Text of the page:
Faced with the prospect of global warming, the anticipated rapid rise in global air temperatures due to the release of gases into the atmosphere, we have two choices of how to respond: adaptation or avoidance. With adaptation we keep burning fossil fuels, let global temperatures rise and make whatever changes this requires: move people from environmentally damaged areas, build sea walls, etc. With avoidance we stop warming from occurring, either by reducing our use of fossil fuels or by using technology such as carbon dioxide recovery after combustion to block the warming effect. Yet each strategy has its drawbacks — adaptation may not be able to occur fast enough to accommodate the expected temperature increases, but avoidance would be prohibitively expensive. An ethically acceptable goal must involve some mixture of adaptation and avoidance.
Written by a team of scientists, social scientists, humanists, legal and environmental scholars and corporate researchers, this book offers an ethical analysis of possible responses to the problem. Their analyses of the scientific and technological data and the ethical principles involved in determining whose interests should be considered point to a combination of adaptation and avoidance of greenhouse gas production. They offer assessments of personal, corporate, government and international responsibility and a series of recommendations to aid decision-makers in determining solutions and apportioning responsibility.
About the authors
Harold Coward is a scholar of international reputation with distinguished contributions to both the University of Victoria and University of Calgary throughout his extensive career. After retiring from the University of Victoria as director of the Centre for Studies in Religion and Society, he continues to be involved as a research fellow. He is currently a member of the Genome BC Board of Directors, where he serves as a specialist on ethics and biotechnology. In June 2002, Dr. Coward was also selected as one of the twenty-five power thinkers in British Columbia by BC Business Magazine.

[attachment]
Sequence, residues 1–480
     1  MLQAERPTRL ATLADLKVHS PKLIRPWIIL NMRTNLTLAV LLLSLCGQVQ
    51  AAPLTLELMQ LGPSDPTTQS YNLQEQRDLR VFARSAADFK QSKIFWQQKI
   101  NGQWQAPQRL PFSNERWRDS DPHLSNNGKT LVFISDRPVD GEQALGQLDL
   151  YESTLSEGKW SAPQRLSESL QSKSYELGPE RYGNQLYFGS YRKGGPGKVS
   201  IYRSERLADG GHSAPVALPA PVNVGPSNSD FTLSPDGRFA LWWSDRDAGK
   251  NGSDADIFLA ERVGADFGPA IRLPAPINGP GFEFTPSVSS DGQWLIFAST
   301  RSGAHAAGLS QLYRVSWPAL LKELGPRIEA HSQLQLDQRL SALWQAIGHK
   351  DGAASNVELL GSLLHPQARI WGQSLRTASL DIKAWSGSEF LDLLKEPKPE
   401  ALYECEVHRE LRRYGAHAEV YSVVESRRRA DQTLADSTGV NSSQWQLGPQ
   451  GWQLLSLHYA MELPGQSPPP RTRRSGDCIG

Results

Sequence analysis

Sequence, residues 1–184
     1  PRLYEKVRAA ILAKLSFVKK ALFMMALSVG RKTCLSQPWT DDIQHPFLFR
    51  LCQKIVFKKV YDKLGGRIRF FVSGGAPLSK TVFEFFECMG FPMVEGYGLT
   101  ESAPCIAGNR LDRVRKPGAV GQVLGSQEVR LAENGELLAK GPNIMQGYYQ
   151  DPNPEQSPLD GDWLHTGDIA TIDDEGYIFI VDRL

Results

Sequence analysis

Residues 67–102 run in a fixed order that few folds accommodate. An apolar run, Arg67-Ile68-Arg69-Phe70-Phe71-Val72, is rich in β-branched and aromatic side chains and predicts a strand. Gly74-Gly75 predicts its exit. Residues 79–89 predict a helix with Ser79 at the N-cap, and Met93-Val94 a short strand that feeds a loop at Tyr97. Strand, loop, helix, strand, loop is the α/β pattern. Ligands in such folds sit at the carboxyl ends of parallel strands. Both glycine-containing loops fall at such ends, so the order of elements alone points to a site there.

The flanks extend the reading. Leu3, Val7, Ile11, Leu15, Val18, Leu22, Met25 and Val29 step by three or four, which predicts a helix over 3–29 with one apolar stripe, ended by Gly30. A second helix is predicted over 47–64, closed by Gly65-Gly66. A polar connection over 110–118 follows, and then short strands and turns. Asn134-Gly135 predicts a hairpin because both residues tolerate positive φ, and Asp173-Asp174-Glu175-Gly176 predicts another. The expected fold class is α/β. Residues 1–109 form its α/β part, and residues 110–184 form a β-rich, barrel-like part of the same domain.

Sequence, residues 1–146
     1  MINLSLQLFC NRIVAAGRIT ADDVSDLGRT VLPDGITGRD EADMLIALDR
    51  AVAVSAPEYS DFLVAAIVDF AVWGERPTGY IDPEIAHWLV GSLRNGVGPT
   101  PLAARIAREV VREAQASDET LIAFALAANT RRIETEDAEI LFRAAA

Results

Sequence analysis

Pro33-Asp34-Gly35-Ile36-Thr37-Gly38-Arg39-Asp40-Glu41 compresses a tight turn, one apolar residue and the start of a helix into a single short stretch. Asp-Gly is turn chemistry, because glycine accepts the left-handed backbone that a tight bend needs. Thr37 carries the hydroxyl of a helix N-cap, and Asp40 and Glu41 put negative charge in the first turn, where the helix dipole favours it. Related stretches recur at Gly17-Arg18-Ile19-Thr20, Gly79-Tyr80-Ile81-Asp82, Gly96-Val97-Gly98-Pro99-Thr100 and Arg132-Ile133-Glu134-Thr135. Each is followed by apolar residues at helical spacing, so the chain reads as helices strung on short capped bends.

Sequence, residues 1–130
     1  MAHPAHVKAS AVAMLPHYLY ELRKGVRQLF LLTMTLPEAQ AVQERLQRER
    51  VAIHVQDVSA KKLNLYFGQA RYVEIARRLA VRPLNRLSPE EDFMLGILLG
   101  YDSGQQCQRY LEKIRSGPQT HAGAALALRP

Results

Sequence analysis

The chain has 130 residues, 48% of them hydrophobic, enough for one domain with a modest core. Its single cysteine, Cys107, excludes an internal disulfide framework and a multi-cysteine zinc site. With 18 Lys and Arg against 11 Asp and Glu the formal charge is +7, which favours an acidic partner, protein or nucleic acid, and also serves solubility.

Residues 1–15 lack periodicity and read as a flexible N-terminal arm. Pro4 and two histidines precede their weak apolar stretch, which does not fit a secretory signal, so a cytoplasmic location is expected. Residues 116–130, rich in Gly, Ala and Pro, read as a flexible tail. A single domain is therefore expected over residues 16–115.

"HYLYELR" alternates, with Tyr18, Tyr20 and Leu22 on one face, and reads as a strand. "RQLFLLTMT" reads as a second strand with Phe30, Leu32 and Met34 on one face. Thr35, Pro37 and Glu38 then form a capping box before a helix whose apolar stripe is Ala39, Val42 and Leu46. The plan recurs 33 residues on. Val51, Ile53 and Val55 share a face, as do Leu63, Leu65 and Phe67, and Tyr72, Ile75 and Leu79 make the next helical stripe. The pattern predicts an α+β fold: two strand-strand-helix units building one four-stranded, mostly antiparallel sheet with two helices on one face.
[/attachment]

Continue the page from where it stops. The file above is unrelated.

Leslie S. Kawamura is an Assistant Professor, Department of Religious Studies, University of Calgary, Alberta. He holds a Ph.D. from the University of Saskatchewan, Saskatoon, in Far Eastern Studies (1974). He has studied at the Kyoto University (Japan) and has taught at the Nyingma Institute (Berkeley), Institute of Buddhist Studies (Berkeley), and the University of Saskatchewan (Saskatoon). His publications include Mind in Buddhist Psychology (with H.V. Guenther, Dharma Press, 1975) and Golden Zephyr (Dharma Press, 1975). He was a founding member of the Honpa Buddhist Church of Alberta and the Canada-Mongolia Society.
Thomas Hurka is Professor of Philosophy at the University of Calgary. From 1989–92 he wrote a weekly ethics column for The Globe and Mail.
Other titles by Harold Coward
Silence, the Word and the Sacred
Fifty Years of Religious Studies in Canada
A Personal Retrospective
Language in Indian Philosophy and Religion
Readings in Eastern Religions
Religious Dimensions of Child and Family Life
Reflections on the UN Convention on the Rights of the Child
Population Growth, Resource Consumption, and the Environment
Seeking a Common Vision for a Troubled World
Climate Change in Canada
Mystics and Scholars
The Calgary Conference on Mysticism 1976
Humanities in the Present Day
Religion and Ethnicity
Other titles by Thomas Hurka
Games, Sports, and Play
British Ethical Theorists from Sidgwick to Ewing
The Grasshopper - Third Edition
Games, Life and Utopia
British Moral Philosophers from Sidgwick to Ewing
The Best Things in Life
A Guide to What Really Matters